Chicago, Illinois: Judge Throws Out Camera Tickets Over Short Yellows Administrative law judge in Chicago, Illinois says 70 percent of the red light camera tickets he sees had illegally short yellow times.
Some yellow lights are too short in Chicago, Illinois, according to an administrative law judge who said he has thrown out "60 to 70 percent" of the red light camera tickets he has come across. The city says it meets the bare minimum federal standard of having yellow warning signal illuminate for three seconds at intersections. A judge who hears appeals from motorists ticketed by red-light cameras said during a hearing this week that he has seen evidence that yellow times are below the legal minimum at some Chicago intersections with red-light cameras.
The hearing lasted three hours Monday after the city sent three attorneys, a law department supervisor, a public information officer and a Chicago Department of Transportation deputy director overseeing the city's traffic camera programs to defend five tickets challenged by Barnet Fagel, a video forensic specialist who helps drivers fight red light and speed camera tickets. This normally would be a brief, attorney-free affair in which drivers present photos and other evidence in the hopes of persuading the administrative law judge that their ticket ought to be thrown out.
On Monday, city attorneys Alexis Long and Tom Doran spent the first 30 minutes of the hearing challenging Fagel's expertise and his ability to testify in these matters on behalf of the motorists who were ticketed. Over the objections of the city, Fagel was allowed to present his video evidence on two of the red-light tickets that he said showed yellow light times slightly under three seconds. Judge Robert Sussman dismissed the two red-light camera tickets and then surprised the hearing room by saying the Department of Administrative Hearings has been seeing a large volume of red-light camera violations that listed a yellow light time of under three seconds.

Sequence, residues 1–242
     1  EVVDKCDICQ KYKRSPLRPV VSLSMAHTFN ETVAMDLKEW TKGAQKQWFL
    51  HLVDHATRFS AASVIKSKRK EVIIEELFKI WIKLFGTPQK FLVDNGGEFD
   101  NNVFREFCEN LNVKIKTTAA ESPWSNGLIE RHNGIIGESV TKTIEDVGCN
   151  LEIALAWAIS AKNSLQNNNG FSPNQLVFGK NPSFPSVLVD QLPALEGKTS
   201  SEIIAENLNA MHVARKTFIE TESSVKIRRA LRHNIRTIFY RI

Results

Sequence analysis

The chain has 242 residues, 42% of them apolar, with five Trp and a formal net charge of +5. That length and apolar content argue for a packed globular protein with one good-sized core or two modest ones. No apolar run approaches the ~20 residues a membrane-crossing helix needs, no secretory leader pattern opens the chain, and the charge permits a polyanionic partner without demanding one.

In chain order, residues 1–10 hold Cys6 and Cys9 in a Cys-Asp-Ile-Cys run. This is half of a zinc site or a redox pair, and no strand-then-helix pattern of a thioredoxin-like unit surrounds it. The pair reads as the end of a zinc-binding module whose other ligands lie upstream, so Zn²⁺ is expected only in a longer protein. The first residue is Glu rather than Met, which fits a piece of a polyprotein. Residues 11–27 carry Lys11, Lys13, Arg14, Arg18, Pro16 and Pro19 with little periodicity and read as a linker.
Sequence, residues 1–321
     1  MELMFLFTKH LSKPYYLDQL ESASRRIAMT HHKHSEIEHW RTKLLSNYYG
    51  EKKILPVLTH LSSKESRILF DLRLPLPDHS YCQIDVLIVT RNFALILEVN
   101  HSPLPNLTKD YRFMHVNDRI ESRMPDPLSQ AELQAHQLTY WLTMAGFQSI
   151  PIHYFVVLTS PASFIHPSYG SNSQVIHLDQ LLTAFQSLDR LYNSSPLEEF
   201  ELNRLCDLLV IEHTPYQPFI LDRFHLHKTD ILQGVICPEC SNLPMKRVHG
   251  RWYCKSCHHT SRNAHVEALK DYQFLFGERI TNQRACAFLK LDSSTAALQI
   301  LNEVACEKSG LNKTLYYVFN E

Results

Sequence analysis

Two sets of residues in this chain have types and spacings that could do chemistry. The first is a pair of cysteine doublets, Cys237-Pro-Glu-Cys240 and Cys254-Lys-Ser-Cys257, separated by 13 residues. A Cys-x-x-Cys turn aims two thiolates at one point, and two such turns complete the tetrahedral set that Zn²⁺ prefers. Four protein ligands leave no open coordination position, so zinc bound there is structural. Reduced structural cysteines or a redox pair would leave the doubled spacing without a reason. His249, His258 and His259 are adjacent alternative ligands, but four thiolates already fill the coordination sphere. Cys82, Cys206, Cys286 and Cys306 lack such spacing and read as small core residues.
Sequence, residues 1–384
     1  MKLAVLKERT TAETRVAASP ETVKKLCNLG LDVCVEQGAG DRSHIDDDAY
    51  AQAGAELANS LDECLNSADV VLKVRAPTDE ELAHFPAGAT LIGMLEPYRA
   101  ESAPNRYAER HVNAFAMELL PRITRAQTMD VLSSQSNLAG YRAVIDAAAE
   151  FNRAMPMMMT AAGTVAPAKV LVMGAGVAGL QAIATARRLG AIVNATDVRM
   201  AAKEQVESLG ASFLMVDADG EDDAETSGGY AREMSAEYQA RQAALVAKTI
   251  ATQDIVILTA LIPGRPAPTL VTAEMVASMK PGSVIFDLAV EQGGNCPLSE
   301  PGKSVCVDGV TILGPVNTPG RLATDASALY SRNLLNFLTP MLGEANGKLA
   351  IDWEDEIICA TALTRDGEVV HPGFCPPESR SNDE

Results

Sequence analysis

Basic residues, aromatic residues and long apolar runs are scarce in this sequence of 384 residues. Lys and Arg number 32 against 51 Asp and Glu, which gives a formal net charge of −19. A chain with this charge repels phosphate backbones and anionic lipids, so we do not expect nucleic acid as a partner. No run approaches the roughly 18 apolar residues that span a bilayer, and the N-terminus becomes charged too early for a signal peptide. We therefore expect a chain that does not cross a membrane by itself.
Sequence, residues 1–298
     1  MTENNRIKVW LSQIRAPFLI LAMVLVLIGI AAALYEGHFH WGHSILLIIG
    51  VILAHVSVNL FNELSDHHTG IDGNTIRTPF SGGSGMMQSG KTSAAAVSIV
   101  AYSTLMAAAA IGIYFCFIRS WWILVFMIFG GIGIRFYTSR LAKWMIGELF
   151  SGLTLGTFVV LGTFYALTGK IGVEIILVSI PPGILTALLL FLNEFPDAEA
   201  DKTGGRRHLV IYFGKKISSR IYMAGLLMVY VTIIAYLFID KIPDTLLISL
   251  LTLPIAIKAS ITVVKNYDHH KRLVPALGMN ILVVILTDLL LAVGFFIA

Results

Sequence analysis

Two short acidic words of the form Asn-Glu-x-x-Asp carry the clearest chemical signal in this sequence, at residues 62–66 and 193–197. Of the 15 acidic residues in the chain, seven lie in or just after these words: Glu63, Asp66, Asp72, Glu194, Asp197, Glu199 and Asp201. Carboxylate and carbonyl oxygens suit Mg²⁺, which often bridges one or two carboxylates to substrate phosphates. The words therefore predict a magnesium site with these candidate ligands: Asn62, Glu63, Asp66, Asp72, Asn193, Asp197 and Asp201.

"We're having a big problem with these yellow lights," Judge Sussman said. "Sixty to seventy percent are coming up under three seconds."
Judge Sussman explained that he has routinely thrown out any ticket for which documentation shows the yellow light lasted less than three full seconds, and he will continue to do so until the timing is fixed. The city says yellow light times at red light camera intersections are set at the federal minimum of three seconds.
Judge Sussman went on to say the issue with shortened yellow-light times popped up when Xerox Local Solutions took over the system from the scandal-plagued Redflex Traffic Systems.
"What concerns me is for the last six months since Xerox took over we're seeing violations with yellows under three seconds," Judge Sussman said. "Something is going on now. Xerox is saying it's 2.9 [seconds] ... [the city] is saying they haven't changed anything."
Fagel, who has seen tickets like this at about ten intersections, agreed that violation notices did not start documenting short yellow light times until Xerox became the city's vendor.
"It corresponds to when Xerox took over," he said.
Fagel believes Xerox's technology is accurately recording the timing at the intersections, but that the short times are not new. Fagel regularly goes out to document the signal timing at red light camera intersections on video.
"The problem goes back more than the last six months," said Fagel. "It's at least six years. I have proof of this. No one has visibly measured the steady yellow light timing at these intersections except for me."
After the red light camera tickets got dismissed, the three speed camera tickets were heard. Despite the video evidence Fagel presented and his technical challenges of the city and state's speed camera law, the hearing officer upheld all three speeding violations. Fagel said he believes the crew of lawyers and other officials sent to Monday's hearing is a sign that the city is concerned.
"I think the city with all the other things going on -- the Redflex bribery scandal, the Tribune story, the inspector general -- the city is quite concerned," Fagel explained.
City representatives at the hearing would not comment. The transportation department, Xerox and the Chicago law department have not yet responded to requests for comment.